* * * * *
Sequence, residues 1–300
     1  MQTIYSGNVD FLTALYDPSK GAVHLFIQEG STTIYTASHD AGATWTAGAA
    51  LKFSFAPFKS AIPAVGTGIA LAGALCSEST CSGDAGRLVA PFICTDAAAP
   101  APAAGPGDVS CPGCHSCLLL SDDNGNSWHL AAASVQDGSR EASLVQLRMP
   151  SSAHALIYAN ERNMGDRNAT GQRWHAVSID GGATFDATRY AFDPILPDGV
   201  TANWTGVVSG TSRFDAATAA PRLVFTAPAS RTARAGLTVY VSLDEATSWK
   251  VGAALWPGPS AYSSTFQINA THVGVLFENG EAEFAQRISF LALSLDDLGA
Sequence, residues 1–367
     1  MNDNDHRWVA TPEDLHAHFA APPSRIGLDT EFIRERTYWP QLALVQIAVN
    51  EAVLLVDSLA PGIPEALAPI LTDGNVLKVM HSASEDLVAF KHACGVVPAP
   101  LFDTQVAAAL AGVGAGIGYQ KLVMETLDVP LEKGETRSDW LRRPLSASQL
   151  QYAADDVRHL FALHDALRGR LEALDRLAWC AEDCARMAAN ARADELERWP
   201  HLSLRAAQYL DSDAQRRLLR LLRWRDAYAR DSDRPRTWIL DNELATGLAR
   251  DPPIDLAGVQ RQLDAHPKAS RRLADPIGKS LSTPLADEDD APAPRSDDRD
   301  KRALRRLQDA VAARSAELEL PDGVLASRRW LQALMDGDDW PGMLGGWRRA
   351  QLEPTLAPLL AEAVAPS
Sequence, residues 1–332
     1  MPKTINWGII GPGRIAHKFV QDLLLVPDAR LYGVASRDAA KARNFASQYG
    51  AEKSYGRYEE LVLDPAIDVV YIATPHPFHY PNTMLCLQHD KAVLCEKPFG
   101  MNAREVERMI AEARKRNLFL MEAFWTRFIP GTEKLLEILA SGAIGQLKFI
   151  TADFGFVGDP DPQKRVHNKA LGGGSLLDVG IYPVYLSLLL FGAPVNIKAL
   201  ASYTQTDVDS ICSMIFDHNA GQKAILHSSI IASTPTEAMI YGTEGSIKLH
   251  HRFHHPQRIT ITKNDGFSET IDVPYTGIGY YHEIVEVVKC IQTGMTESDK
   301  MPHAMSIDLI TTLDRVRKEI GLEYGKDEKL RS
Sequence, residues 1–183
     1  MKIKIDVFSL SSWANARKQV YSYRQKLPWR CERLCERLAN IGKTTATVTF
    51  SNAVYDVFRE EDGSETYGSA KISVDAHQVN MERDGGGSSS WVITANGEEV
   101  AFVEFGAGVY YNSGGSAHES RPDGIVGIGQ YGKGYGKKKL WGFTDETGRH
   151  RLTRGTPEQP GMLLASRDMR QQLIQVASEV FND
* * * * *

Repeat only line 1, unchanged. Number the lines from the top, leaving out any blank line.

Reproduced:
Sequence, residues 1–300